7. Explore Part-Time Retirement

Talk to your boss and see if there are opportunities to work part-time as a consultant. By working less, your stress level will go way down, helping you hang on to your job for a few more years. If that’s not an option, ask the management to consider letting you work from home at least part of the time. It’s amazing just how much stress a daily commute can add to our lives, and how eliminating it can help you stay more motivated to work. You may even want to start a small business on the side. While not all businesses are successful, there’s certainly the hope that a side gig will start making you enough money to help you retire a little sooner or finance a better lifestyle.

ROTH IRA questions…

1. How much may an individual contribute to a Roth IRA?

An eligible individual may contribute cash to a Roth IRA on his own behalf up to the lesser of the maximum annual contribution limit (equal to the “deductible amount” under IRC Section 219(b)(5)(A)) or 100 percent of compensation includable in his gross income for the taxable year. The amount that can be contributed, however, is reduced by any contributions made to traditional IRAs for the taxable year on his own behalf.

The maximum annual contribution limit is $5,500 in 2015. This amount is indexed for inflation. The maximum annual contribution limit is increased by $1,000 for individuals who have attained age 50 before the close of the tax year.

SEPs and SIMPLE IRAs may not be designated as Roth IRAs, and contributions to a SEP or SIMPLE IRA will not affect the amount that an individual can contribute to a Roth IRA. Qualified rollover contributions do not count toward the limit. Roth IRA contributions are not deductible and can be made even after the individual turns age 70ó.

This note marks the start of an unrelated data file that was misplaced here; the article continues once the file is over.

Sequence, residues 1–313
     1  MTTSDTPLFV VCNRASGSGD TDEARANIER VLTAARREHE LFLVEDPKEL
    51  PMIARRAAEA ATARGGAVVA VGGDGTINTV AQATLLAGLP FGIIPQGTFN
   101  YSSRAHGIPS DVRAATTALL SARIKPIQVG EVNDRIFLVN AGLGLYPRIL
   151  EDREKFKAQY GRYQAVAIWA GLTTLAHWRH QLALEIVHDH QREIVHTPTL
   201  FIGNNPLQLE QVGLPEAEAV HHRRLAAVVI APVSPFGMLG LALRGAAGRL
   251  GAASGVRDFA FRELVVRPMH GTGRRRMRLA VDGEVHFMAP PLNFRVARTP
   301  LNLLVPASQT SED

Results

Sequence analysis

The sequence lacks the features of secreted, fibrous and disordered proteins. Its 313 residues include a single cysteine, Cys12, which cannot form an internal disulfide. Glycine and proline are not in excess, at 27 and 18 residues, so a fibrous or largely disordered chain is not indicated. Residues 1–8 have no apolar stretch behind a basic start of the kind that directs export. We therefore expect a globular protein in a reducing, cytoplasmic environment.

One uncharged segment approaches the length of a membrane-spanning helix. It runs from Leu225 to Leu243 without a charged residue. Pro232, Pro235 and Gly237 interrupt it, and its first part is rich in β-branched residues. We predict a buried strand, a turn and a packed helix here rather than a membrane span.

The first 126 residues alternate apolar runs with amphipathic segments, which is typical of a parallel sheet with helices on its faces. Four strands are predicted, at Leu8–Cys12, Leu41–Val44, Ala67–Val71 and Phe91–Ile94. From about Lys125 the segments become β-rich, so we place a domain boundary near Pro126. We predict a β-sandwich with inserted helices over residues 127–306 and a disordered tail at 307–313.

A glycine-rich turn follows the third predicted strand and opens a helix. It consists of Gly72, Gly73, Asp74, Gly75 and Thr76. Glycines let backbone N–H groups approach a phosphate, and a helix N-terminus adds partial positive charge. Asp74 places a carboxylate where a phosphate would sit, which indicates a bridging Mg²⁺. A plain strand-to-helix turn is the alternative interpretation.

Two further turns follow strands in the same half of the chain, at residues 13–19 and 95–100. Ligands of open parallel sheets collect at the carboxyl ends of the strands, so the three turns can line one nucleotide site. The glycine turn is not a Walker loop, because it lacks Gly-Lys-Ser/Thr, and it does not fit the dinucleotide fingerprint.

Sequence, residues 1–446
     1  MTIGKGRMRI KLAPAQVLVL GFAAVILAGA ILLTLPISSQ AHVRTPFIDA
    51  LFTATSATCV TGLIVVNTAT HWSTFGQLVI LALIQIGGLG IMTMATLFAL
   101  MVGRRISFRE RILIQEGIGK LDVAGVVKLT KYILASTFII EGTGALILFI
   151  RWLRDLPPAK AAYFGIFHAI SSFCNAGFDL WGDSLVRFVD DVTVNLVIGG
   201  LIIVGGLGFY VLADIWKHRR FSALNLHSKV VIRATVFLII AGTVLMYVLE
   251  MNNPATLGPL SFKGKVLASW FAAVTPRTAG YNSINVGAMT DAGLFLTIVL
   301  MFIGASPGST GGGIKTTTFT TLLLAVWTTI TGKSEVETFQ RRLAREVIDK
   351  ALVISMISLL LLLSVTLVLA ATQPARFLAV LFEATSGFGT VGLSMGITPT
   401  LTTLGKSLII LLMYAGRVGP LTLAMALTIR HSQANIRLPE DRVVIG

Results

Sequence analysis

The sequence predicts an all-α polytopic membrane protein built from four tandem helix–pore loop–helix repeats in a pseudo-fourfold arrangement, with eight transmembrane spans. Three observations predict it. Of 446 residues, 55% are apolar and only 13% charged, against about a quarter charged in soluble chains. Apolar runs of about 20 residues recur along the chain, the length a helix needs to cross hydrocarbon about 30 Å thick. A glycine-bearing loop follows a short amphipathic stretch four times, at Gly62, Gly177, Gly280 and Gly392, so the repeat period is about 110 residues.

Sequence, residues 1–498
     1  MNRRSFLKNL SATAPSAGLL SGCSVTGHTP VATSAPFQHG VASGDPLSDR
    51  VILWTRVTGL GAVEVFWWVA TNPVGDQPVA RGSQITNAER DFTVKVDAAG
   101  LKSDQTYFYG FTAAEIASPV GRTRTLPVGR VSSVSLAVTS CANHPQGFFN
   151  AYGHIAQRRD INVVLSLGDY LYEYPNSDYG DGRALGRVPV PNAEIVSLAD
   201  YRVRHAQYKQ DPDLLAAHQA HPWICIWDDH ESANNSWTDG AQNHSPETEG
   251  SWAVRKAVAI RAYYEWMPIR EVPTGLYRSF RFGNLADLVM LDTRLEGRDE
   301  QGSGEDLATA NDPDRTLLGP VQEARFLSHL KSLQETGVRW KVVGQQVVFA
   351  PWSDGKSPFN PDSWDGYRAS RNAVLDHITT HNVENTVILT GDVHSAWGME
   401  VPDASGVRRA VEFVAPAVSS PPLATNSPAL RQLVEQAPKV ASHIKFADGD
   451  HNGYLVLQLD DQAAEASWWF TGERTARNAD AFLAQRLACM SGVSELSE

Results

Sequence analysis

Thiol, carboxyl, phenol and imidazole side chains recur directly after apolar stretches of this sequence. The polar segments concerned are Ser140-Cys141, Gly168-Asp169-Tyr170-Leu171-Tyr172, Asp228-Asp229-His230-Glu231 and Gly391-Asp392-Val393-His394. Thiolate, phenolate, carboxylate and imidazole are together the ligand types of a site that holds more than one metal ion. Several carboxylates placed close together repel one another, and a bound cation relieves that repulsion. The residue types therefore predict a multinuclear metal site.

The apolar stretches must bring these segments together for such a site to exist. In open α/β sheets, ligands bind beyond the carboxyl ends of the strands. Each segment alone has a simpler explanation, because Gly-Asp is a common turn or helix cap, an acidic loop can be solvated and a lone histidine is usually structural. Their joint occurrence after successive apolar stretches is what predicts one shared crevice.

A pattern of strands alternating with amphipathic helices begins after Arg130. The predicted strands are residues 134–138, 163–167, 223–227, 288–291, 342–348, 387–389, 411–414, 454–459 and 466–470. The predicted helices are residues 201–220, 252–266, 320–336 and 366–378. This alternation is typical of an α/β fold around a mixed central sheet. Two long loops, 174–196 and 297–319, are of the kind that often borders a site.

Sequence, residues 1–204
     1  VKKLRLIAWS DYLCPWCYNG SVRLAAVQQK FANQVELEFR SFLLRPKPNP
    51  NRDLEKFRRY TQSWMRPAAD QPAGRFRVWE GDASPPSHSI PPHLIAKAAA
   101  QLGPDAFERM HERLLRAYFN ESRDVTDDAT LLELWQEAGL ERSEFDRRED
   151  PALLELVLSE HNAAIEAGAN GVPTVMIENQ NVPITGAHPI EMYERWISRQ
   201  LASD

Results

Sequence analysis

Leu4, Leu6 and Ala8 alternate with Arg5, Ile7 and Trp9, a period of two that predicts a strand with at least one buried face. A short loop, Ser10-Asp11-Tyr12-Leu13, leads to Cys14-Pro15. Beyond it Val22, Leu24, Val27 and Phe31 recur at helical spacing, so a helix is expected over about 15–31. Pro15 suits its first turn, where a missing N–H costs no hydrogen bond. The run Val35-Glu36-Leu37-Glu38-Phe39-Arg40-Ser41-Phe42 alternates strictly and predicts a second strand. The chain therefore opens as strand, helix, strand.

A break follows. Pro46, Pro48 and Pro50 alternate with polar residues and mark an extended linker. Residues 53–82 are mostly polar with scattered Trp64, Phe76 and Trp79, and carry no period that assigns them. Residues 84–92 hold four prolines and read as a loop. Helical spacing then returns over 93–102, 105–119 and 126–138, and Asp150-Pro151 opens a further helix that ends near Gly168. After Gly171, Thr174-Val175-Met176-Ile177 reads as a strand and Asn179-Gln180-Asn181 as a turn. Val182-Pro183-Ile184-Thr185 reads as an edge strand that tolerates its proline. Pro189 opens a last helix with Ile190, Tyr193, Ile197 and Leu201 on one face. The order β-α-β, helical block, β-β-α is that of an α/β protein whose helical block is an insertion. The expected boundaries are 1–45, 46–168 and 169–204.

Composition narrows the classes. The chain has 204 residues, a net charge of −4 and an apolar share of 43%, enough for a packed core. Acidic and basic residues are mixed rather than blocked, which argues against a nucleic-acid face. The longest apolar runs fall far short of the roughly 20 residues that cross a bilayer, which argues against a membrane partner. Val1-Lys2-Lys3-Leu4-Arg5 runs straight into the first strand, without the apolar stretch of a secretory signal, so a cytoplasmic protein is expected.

An individual may contribute cash to a Roth IRA for a non-working spouse for a taxable year up to the maximum deductible limit (disregarding active participant restrictions) permitted with respect to traditional IRAs for such non-working spouse reduced by any such contributions made to traditional IRAs for the taxable year on behalf of the non-working spouse. Thus, a married couple (both spouses under age 50) may be permitted a maximum contribution of up to $11,000 for 2015 ($5,500 for each spouse).

In 2015, the Roth IRA contribution limit is $0 for (1) individuals with AGI of $131,000 and above ($129,000 in 2014), (2) married couples filing a joint return with AGI of $193,000 and above ($191,000 in 2014), and (3) a married individual filing separately with AGI of $10,000 and above. Except for married individuals filing separately, the “applicable dollar amount” is indexed for inflation. The amount of the reduction is rounded to the next lowest multiple of $10. Unless the individual’s contribution limit is reduced to zero, the IRC permits a minimum contribution of $200.

2. Can a taxpayer whose income level exceeds the limitations for Roth IRA contributions maintain a Roth IRA?

Yes. Despite the fact that a taxpayer whose income level exceeds the Roth IRA contribution limits cannot contribute directly to a Roth IRA, he or she is permitted to maintain a Roth account. In 2015, the ability to make contributions to a Roth IRA begins to phase out for married taxpayers with income over $183,000 ($116,000 for single taxpayers). Roth contributions are completely blocked for married taxpayers who earn over $193,000 and single taxpayers who earn over $131,000.

While contributions cannot be made directly to the Roth if the taxpayer’s income exceeds the annual income threshold, for tax years beginning in 2010, the income limits that applied to prevent high-income taxpayers from making rollovers from traditional IRAs were eliminated.